The Beijing No. 1 Intermediate People's Court [official website, in Chinese] sentenced [announcement, in Chinese] legal scholar and activist Xu Zhiyong [BBC Backgrounder] on Sunday to four years in prison on the charge of 'gathering a crowd to disturb public order.' Xu is the founder of the New Citizens' Movement [WSJ backgrounder, video], a grass-roots organization which seeks to draw attention to matters of public discontent, including equal access to education and disclosure of Chinese officials' personal assets to combat corruption. Xu's trial was on Wednesday January 22nd, and his closing statement [report, translated in English] to the court was interrupted by the judge after roughly ten minutes who said his comments were irrelevant. In his statement, Xu addresses the need to uphold constitutional rights for all citizens in China under the Constitution of the People's Republic of China [Chinese government website, translated in English]. US Ambassador Gary Locke [official profile] issued a statement [press release] on the day after Xu's trial, expressing concern over the recent arrests of advocates for government reform in China. Amnesty International [advocacy website] called the four year jail sentence shameful [press release], and the Human Rights Watch [advocacy website] called the trial a pretext [press release] for a broad crackdown on popular protests against corruption.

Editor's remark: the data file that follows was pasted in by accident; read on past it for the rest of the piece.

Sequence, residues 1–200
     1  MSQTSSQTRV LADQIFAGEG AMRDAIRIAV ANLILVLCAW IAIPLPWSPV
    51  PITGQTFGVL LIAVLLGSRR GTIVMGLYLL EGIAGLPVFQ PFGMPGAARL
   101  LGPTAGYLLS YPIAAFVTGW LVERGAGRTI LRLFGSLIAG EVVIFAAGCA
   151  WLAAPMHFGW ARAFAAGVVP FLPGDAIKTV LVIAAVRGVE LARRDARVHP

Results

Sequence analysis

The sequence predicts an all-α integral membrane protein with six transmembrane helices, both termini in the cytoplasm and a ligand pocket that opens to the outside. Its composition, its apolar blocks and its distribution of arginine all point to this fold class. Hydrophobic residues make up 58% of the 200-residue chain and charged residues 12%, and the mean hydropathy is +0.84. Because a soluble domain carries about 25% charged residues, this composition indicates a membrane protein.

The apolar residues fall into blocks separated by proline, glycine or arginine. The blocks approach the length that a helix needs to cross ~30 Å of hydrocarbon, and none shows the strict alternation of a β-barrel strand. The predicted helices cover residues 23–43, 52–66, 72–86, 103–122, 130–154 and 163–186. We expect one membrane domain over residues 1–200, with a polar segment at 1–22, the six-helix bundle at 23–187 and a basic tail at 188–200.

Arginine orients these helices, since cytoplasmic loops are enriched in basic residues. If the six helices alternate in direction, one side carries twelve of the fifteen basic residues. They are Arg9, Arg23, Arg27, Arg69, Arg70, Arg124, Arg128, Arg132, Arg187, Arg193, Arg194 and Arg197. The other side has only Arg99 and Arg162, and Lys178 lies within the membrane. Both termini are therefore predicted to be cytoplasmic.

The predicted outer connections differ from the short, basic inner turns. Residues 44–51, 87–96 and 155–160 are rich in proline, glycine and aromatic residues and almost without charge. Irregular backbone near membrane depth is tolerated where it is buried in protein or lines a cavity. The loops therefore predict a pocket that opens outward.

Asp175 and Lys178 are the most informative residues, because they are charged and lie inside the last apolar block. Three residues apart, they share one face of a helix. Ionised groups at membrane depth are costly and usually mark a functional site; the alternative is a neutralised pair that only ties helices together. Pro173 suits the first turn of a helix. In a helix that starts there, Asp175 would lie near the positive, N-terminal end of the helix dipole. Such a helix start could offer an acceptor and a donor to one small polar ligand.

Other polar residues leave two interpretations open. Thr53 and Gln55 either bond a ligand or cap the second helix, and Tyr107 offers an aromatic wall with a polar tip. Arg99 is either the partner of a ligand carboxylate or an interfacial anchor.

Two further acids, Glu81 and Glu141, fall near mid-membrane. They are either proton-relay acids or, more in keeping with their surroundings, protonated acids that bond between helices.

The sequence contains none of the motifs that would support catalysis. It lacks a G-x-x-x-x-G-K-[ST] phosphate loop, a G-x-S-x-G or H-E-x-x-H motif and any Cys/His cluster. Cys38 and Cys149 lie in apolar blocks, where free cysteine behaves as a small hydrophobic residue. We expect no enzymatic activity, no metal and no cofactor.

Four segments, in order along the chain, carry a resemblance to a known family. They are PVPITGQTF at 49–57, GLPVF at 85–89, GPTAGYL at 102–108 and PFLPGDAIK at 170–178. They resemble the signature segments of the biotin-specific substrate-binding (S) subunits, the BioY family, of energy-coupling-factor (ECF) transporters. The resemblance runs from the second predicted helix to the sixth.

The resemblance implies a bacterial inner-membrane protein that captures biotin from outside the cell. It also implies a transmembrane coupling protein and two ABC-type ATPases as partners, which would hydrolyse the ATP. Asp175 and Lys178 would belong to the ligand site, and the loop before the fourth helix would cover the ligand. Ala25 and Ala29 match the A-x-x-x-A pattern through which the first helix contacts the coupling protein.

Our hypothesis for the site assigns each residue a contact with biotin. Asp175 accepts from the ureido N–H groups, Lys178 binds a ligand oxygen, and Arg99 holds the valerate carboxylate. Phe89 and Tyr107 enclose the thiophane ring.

The detainment of anti-corruption activists has been a recurrent human rights issue in China. Xu was formally indicted five weeks ago, after Beijing prosecutors received a letter from Chinese police officials urging the government to bring charges against Xu in early December [JURIST reports]. Last August Chinese writer, lawyer and human rights advocate Yang Maodong, commonly known by his pen-name Guo Feixiong [HRIC profile], became the second leader, following Xu, of the New Citizens movement to be arrested [JURIST report] on suspicion of disrupting the peace.